Push or Pull

I have been thinking about the various blogs on leadership lately, and it strikes me that there is a difference of opinion amongst our community on whether employee performance is best improved by pushing or pulling. I believe the best leaders incorporate both into their style. Two sources of data influenced my recent thinking: an oldie but goodie, Daniel Yankelovich and John Immerwahr’s 1983 research report, “Putting the Work Ethic to Work,” and SuperBowl XLI! Yankelovich and Immerwahr discovered that there was approximately 70% discretionary effort available in most employees. The discretionary effort being the difference between what they have to do to keep their jobs and what they could do if they brought forth all their talent and effort. Then, I was thinking about the difference between the Colts and my team, the Detroit Lions. The Lions have been in the enviable position of having first shot in the draft since I can remember. But largely, the talent they have recruited has been less than stellar. The results stand as a testament to that. [The Lions have never played a Super Bowl.—CM]

It seems to me then, that a leader or manager’s first job is to pull out that discretionary effort. This starts with clearly identifying the ambition of the organization and helping each and every employee see their part in realizing that ambition. I still believe that one thing we want from our talent is the sense that they make a difference. In my years as a first-line supervisor, I was always amazed at my weakest performers on the job who did amazing volunteer work after hours. Clearly they had the work ethic; we just didn’t define an ambition for them worthy of their best efforts.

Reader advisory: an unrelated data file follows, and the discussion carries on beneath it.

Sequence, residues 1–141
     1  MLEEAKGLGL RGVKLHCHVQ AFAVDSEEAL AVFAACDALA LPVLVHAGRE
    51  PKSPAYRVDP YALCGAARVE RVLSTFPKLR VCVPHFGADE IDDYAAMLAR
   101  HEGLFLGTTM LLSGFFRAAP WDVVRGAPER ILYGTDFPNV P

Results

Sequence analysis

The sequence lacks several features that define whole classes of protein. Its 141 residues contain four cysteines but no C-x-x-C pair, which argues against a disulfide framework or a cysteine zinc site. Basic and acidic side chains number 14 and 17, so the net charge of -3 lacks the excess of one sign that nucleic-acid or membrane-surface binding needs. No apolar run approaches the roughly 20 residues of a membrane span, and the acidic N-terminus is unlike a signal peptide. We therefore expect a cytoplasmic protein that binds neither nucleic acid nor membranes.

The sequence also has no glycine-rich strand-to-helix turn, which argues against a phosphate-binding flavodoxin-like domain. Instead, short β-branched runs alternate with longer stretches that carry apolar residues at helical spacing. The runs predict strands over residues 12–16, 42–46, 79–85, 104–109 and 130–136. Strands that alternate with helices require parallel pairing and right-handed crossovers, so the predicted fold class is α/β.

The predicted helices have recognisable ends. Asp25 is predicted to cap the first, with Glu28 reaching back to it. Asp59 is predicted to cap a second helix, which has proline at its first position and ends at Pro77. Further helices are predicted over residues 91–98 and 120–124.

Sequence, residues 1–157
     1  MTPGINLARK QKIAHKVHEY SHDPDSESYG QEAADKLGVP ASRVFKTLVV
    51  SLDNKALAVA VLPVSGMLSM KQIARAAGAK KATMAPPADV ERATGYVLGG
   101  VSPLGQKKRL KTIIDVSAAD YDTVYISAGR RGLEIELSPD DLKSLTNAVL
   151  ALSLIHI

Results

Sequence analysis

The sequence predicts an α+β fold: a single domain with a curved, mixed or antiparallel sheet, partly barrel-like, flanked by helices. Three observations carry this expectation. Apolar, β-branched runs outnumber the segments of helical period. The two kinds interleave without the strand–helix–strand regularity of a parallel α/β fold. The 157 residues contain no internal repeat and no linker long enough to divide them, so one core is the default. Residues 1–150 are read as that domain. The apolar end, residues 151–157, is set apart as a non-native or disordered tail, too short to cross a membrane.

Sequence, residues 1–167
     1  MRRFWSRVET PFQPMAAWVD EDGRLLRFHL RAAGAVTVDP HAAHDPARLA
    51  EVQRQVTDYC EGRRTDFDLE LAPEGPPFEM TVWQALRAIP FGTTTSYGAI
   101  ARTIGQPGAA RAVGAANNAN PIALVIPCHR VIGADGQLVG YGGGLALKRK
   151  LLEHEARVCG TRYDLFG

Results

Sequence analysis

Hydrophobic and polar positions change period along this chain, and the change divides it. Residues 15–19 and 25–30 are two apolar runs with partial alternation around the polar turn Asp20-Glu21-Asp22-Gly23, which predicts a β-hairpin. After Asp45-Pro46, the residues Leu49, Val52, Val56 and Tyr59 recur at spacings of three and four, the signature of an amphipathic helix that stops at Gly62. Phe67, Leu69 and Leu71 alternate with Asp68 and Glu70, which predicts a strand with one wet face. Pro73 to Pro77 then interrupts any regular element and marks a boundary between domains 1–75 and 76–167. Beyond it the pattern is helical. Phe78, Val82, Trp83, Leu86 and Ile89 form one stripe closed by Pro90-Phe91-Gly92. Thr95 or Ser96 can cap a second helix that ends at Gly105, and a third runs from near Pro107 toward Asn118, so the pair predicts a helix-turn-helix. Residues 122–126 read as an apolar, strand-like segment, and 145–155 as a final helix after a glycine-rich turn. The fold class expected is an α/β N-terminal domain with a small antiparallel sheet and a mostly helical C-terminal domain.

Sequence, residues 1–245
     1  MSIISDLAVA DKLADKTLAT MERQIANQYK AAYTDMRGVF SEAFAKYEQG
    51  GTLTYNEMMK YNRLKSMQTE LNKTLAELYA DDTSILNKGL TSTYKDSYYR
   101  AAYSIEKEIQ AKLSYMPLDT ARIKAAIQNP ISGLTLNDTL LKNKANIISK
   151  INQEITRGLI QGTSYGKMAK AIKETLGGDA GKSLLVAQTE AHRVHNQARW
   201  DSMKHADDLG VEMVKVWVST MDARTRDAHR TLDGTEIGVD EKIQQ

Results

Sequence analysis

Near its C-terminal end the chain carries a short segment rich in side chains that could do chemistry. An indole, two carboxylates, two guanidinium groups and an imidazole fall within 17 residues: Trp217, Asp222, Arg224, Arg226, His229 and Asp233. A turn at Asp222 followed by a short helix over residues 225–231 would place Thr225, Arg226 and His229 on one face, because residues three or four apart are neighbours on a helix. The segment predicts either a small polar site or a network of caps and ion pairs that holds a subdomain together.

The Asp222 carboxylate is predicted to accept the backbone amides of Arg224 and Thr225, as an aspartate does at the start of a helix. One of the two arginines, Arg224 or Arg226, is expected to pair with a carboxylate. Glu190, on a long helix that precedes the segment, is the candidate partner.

Then, there’s the Lions. In recent years we have witnessed round one draft picks missing practices, reporting overweight, battling off-field demons, engaging in various criminal behaviors, etc. It seems a little push is in order here. Creating a culture of engagement does not mean letting everyone do their own thing. There is a need for discipline and standards, and for strong management efforts to insure everybody lives up to them. For many of us, our best performance has benefited by a friendly push now and then. Tony Dungy doesn’t yell at his players, but he does instill a performance culture. Play your best, or you won’t play at all.

So, I would argue for balance. Our talent has to be engaged in a cause, and we must manage performance closely to move in the quickest and straightest line towards our ultimate ambition.

What do you think? Push, pull, or both? Examples? Advice for the Lions?

Mike Neiss posted this on February 8, 2007, in Leadership.
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